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LeakyLittleBoat · 09/07/2017 12:58

If she does turn out to belong to some loving home and they want her back, well, you're going to end up with an unused cat box, litter and food so, you know, what you were saying about the heartbreaking number of kittens and cats with nowhere to go at the cat shelter - you know where I'm going with this?
OP, I really hope you get to keep her, you sound like a truly lovely person any cat would give its 9 lives to live with but if you don't, please consider getting one of those shelter cats.

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Cakeahoy · 09/07/2017 13:00

I don't usually feed cats as I know they are most likely the neighbours (and opportunistic little buggers) but on the occasion dd has they usually hang round for half an hour and then disappear.

Despite previously roaming the estate this one hasn't left our garden or house since I first noticed it appeared to be living in our outhouse, got worried about her getting thinner and fed her.

I'm definitely not holding her hostage, the door stays open all day every day and most of the night.

Another neighbour did report them about the dog, he told dh round the shop. Apparently the rspca said that unless the animal was visibly ill or injured they didn't consider it to be neglected. Even if it did never go for a walk.

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lottieandmia · 09/07/2017 13:02

This is why I'm glad I have house cats tbh.

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Garnethair · 09/07/2017 13:03

Can I share my recent stray cat story? My cat went missing in early spring. He was in good health and had very regular habits, liked his dinner bang on time, never went far etc. So when he didn't come home one night I feared the worst. We scoured the area, reported him missing, circulated his poster etc.

Nothing. Three months went past and we got rid of his bowls and the cat flap as we couldn't bear to ever own another cat. Then one night a lady called and said she had been feeding my cat at night, he was in bad shape, but she had searched online and found his poster. She couldn't get near enough to catch him as he had gone feral. She rang at midnight and said he had turned up and we drove to her house. This was over a mile from our house. No idea what his story was for the three months he was missing or how he ended up so far away.

Anyway, he's home now, growing stronger and eating well. I can't thank his rescuer enough. Please take the cat to the vet and get him scanned OP.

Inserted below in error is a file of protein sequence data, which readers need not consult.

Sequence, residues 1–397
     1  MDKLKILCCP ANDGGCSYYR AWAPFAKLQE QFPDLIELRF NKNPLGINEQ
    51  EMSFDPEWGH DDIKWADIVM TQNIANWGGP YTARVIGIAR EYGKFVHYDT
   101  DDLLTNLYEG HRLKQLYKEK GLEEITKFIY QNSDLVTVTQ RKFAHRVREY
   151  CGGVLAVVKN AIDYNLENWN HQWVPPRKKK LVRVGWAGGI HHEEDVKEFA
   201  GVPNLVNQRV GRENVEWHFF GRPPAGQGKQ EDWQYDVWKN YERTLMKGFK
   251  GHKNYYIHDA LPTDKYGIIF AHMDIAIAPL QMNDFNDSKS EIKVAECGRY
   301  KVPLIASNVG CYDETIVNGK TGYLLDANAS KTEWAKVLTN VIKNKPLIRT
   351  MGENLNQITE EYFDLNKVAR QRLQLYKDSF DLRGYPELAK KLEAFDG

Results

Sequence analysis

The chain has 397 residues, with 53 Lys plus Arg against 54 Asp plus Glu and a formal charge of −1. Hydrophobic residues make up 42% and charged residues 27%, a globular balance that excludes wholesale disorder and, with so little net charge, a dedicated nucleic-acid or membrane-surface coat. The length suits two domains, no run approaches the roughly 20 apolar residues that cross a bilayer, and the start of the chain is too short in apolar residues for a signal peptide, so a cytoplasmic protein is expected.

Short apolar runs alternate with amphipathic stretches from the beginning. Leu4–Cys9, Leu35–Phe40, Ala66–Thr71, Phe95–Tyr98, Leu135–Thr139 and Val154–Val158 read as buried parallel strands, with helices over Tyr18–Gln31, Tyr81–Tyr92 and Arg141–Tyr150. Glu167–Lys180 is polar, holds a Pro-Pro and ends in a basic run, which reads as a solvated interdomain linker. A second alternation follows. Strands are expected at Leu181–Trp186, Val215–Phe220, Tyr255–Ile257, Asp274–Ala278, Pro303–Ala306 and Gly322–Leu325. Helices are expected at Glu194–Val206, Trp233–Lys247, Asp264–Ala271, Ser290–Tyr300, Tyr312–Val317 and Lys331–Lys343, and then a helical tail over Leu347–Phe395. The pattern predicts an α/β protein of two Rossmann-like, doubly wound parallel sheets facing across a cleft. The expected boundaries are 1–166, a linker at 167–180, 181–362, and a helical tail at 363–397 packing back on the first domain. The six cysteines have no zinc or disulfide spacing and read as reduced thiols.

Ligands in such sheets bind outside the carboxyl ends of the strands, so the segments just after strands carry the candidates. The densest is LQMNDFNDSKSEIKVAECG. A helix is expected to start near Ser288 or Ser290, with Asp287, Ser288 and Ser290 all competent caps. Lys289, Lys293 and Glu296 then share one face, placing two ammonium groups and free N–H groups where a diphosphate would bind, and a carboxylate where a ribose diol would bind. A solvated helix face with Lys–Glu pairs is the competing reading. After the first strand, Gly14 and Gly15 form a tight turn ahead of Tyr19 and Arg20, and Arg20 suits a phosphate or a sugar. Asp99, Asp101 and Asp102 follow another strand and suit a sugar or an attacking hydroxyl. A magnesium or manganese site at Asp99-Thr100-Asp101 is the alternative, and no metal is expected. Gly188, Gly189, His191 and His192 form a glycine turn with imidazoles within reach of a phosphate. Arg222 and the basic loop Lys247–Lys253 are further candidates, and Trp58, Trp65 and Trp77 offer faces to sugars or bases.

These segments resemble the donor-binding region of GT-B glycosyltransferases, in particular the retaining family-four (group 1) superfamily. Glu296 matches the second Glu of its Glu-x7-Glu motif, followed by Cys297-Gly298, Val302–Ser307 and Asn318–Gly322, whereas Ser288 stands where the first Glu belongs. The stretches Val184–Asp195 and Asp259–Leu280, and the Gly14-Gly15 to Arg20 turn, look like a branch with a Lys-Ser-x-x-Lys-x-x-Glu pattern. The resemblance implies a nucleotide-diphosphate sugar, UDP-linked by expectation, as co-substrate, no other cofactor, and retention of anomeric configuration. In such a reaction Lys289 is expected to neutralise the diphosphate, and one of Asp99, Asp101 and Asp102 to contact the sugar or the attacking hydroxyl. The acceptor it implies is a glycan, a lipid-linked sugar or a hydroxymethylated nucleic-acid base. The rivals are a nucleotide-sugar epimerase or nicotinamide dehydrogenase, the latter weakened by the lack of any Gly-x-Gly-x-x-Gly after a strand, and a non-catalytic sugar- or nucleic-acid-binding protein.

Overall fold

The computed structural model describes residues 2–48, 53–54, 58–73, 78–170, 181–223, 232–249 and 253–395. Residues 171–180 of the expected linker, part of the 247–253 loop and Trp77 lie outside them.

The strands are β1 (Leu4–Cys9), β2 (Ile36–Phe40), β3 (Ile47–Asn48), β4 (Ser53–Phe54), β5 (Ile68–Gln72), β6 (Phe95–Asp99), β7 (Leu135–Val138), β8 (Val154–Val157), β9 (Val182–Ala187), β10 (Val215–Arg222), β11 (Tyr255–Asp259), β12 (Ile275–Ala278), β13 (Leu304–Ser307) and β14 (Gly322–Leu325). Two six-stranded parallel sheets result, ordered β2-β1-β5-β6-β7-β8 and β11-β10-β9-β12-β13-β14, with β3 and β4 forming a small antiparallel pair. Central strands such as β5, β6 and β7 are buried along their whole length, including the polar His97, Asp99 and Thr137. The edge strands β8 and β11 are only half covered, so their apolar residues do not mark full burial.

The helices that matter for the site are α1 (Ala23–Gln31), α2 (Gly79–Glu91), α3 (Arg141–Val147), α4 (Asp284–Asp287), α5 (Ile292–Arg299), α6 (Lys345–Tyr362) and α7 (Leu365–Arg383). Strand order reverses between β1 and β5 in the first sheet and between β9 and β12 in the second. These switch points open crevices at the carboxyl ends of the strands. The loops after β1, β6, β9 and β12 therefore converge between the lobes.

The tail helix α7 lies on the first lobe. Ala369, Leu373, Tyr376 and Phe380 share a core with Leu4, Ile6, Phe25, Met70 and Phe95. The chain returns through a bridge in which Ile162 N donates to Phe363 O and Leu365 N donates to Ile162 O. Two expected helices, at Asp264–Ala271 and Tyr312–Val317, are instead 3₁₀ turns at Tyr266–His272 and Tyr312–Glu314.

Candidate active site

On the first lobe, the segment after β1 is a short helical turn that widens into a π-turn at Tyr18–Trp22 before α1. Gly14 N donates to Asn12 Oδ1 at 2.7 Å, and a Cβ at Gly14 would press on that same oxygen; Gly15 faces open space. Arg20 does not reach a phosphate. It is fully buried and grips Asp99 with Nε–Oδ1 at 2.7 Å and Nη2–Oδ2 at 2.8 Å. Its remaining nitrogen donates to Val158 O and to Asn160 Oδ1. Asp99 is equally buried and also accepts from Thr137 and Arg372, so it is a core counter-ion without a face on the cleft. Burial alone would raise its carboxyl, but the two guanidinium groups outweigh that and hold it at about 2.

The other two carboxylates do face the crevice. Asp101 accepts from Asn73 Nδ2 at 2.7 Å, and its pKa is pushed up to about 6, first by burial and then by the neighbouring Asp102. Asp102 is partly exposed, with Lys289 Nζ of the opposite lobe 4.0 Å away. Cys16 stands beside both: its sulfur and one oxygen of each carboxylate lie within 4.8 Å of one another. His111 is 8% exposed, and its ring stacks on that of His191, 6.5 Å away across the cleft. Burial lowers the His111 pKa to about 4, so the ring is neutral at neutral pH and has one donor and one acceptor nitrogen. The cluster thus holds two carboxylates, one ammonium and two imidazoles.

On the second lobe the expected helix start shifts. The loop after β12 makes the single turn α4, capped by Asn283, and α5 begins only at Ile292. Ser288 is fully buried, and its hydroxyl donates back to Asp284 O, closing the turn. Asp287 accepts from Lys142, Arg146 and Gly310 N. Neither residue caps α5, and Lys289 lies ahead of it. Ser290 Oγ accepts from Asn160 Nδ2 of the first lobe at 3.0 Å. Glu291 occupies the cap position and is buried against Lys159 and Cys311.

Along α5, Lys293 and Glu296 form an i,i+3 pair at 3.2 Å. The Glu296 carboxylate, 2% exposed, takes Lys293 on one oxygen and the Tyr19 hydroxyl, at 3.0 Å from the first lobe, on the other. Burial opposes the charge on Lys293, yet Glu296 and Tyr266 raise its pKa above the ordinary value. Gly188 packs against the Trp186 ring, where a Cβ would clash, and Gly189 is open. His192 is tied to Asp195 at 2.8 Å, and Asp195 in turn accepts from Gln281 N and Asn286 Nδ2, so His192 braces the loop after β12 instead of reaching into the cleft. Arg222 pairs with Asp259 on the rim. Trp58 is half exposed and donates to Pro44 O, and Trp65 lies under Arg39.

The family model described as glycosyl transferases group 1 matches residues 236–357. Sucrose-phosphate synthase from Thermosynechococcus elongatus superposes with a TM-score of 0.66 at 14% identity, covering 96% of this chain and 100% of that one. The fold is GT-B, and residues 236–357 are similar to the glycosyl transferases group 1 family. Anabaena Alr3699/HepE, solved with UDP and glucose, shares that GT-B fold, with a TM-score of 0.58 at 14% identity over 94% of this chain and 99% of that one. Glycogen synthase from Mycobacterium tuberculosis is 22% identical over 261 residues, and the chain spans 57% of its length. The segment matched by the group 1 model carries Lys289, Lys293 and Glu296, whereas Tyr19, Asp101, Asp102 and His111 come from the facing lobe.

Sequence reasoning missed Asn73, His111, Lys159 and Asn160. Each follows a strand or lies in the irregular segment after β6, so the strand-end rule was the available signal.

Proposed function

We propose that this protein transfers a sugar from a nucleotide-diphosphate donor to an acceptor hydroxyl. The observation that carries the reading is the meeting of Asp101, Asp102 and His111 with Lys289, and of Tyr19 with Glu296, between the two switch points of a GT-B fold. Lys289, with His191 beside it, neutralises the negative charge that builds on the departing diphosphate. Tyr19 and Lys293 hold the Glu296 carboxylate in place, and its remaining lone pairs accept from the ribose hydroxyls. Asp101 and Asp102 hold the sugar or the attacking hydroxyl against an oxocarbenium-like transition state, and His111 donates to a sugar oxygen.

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Cakeahoy · 09/07/2017 13:03

LeakyLittleBoat yes we've discussed that. At fist we said we could donate the ton of unused cat things to a shelter.

But now I think we'll all be pining if she goes, she's definitely neatly inserted herself into our lives. We will definitely be looking in adoption ourselves if that's the case.

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lottieandmia · 09/07/2017 13:03

I think I'm the OP's case she is simply looking after an animal whose owners have not. UNLESS of course this is a cat who has got lost and therefore hasn't been able to find her home & food.

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tabulahrasa · 09/07/2017 13:05

Get her checked for a chip, if she belongs to that house and it's as bad as you suspect it is, she'll be back at yours under her own steam anyway.

But she's might be lost from somewhere a bit further away and be much loved and missed Sad

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MaMisled · 09/07/2017 13:06

As the loving owner of a very skinny and affectionate cat who has been missing for 11 days now......please don't feed the cat until you've tried every which way to track down its owner. My cat bulks up in the colder months but in the summer she chooses not to eat much.

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Cakeahoy · 09/07/2017 13:10

I will be calling the vet in the morning, definitely going to take her and get her checked over etc.

Still debating what to do if she turns out to be the neighbours.

If they don't reply to my letter or knocks can I 'officially' keep her or would that still be wrong?

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Cakeahoy · 09/07/2017 13:13

She wasn't just getting skinnier she seemed to be getting increasingly desperate to get into the house. Especially at night.